If () then ()
If computer language becomes poetry, can poetry
be programmed? They call themselves code poets, code workers, net.artisans,
digital artisans or software artists, and they all have one thing
in common: they work with source codes, network protocols and program
scripts. In this way they write and produce digital poetry. For computer
languages are languages. They posses all the elementary components
characteristic of language: their own syntax, a defined lexicon, semantic
rules. So can this language, originally conceived as a medium of communication
between humans and machines and converted ultimately into orders,
also tell of the abysses of human life and how human souls fall between
zero and one?
I have nothing
to make a poem
a whole language
a whole life
a whole mind
a whole memory
I have nothing
to make a poem
If you surf through those corners of the Net devoted to the arts,
you will find – and that is the only place you will find it;
not in any of the classical literary venues, libraries, or other places
where literature or recipes for literature are produced – countless
examples of digital poetry, which have quite definite parallels with
classical literary forms. Links with concrete poetry, in particular,
are very striking.
That language, once removed from its context, becomes concrete, is
a phenomenon well known from concrete poetry. This literary form is
self referential: it is concerned with words, letters and punctuation
marks. Thus concrete poetry is mostly reduced to a few words and characters,
reflecting speech as a medium in itself. The roots of concrete poetry
stretch back to Classical Antiquity. A special form of this genre
is the figure poem. The arrangement of words, letters or signs forms
a picture which has an immediate relation with the content. A forerunner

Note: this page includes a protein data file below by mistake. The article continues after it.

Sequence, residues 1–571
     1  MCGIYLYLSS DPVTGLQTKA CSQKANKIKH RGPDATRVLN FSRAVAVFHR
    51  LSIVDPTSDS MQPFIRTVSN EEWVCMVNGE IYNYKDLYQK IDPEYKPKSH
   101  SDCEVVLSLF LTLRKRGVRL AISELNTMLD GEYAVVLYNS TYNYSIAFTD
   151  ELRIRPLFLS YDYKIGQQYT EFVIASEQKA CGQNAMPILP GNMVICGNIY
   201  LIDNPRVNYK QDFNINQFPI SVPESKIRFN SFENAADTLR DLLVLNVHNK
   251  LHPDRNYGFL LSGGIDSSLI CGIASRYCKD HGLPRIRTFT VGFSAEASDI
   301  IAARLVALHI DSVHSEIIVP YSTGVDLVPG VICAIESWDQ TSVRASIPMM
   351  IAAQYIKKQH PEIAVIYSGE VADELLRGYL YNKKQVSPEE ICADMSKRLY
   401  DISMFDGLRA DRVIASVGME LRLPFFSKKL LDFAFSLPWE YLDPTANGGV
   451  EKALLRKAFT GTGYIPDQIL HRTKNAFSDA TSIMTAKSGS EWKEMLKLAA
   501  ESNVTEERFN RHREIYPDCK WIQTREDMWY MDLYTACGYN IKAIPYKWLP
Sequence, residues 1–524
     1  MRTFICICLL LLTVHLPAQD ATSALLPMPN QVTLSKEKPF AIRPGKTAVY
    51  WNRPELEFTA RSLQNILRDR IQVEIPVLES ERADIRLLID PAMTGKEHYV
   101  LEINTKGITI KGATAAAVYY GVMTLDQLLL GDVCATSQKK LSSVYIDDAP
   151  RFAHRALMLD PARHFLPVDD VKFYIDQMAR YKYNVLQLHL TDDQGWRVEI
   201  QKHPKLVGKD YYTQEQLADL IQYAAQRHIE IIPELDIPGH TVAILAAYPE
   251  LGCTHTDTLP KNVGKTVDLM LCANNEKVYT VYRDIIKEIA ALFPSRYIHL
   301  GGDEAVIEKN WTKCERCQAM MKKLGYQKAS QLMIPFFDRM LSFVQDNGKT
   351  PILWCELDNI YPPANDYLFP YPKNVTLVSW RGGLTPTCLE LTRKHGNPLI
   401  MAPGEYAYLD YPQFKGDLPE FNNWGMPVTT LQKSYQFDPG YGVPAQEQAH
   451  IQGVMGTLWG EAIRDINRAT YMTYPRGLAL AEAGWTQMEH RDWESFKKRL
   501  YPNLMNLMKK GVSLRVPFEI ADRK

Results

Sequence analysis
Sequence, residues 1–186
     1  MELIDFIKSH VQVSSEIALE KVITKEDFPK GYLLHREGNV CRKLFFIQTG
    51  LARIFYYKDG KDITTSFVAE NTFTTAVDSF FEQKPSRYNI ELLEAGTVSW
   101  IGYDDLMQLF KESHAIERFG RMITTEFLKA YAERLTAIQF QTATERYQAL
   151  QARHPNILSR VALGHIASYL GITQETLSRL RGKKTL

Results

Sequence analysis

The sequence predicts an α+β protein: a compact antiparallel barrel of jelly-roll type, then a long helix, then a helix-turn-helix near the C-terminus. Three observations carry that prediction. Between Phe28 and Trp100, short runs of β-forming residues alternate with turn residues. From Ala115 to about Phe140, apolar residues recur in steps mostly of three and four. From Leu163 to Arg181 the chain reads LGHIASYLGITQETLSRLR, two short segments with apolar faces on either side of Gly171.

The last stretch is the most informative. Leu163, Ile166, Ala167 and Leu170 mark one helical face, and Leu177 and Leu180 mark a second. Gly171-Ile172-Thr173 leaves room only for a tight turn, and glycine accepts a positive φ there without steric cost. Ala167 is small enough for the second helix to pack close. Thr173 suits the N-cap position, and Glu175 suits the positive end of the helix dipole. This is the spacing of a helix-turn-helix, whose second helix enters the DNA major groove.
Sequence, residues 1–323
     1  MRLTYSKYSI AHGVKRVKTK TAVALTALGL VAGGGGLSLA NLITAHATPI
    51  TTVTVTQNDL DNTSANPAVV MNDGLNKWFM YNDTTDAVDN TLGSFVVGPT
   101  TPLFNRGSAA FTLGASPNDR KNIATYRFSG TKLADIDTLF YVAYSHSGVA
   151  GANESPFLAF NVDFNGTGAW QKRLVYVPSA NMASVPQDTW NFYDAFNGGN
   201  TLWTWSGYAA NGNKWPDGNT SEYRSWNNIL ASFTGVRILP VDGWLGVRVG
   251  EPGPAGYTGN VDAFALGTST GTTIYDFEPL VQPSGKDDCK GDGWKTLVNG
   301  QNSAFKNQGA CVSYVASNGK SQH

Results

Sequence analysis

of this was the so-called Carmen Cancellatum of late Christian Antiquity.
Examples can be found in the grid poems of the monk Hrabanus Maurus
in his "liber de laudibus sanctae crucis." Or later, from
the baroque period, the figure poems of Catharina Regina von Greiffenberg.
If we look at these figure poems today, they need to be interpreted
step by step, using the principles of hermeneutics, just like modern
concrete poems and digital texts. Obviously, given the crucifix shape,
the content of Catharina von Greiffenberg's work consists in a celebration
of the cross, the resurrection of the dead, the redemption of the
Catharina Regina von
autograph manuscript, Pegnesen Archive C.404.2.12
sin () (the Fall of Man, or
Sinus and Cosinus)
Can the works of today's digital poets be placed directly in this
context? From texts reminiscent of free prose, to digital figure poems,
right up to text-generating haikus – the range of these digital
works is very large. And, even within these categories, their own
individual stylistic peculiarities make it possible to identify differences
in the "handwriting" of the programmers concerned. At hackers'
parties in gymnasia, or among circles with literary pretensions on
the Net, a series of competitions is regularly held to decide who
can write the "most beautiful" or "most elegant"
code. The criteria involve successful composition, stringent complexity,
elegance, stylistic assurance and, last but not least, technical perfection.
One of these competitions is "The international obfuscated C
Code contest." Let us look at one of the prize-winning codes,